In most cases, a woman’s two premarital sex partners include her future husband and one other man. That second sex partner is first-hand proof of a sexual alternative to one’s husband. These sexual experiences convince women that sex outside of wedlock is indeed a possibility. The man involved was likely to have become a partner in the course of a serious relationship—women inclined to hook up will have had more than two premarital partners—thereby emphasizing the seriousness of the alternative.
The woman has an alternative, the woman makes comparisons, the woman has firsthand experience of sex with someone other than her eventual husband. This is not trivial, it should not be dismissed by men who are evaluating marriage candidates.
I was really glad to see Dr. Wilcox tweet this article, because a lot of men’s rights people judge him unfairly for being blindly pro-marriage, as if he doesn’t see the risks to men. No, he sees those risks, and he warns men about them, and he holds women accountable. He is saying to women: if you want your marriage to last, you are responsible to study this research, to say no to your heart, to resist the culture, and to make wise decisions to protect your future husband and children.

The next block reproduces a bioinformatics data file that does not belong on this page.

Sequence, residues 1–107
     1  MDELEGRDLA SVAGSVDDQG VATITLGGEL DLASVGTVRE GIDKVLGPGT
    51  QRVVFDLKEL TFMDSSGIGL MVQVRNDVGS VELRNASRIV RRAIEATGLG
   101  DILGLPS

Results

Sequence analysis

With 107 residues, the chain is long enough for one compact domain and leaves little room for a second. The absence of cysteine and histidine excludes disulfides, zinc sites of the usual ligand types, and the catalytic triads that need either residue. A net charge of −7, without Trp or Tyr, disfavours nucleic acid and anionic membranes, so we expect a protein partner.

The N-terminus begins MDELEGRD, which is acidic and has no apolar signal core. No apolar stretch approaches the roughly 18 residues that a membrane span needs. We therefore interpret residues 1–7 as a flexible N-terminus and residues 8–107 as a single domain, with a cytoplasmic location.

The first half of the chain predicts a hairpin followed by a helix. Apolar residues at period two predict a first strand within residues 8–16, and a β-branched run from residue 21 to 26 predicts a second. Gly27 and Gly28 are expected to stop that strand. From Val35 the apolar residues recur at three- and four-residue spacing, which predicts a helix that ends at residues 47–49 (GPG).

Now, many traditional marriage people will tell young men “feminism and the sexual revolution change nothing, go out there and get married to these women anyway”. No one condemns women for their unilateral decision to believe in radical feminism, and their decisions to act against the moral laws by having premarital sex. It’s like the Bible has no authority for men – it can only be used to tell men what to do. I have met pastors and parents who have this double standard that excuses women from everything, and blames and shames men for everything. Even if the men are virgins, they are blamed and shamed by pastors and parents when the woman’s poor choices do not “work out” for her.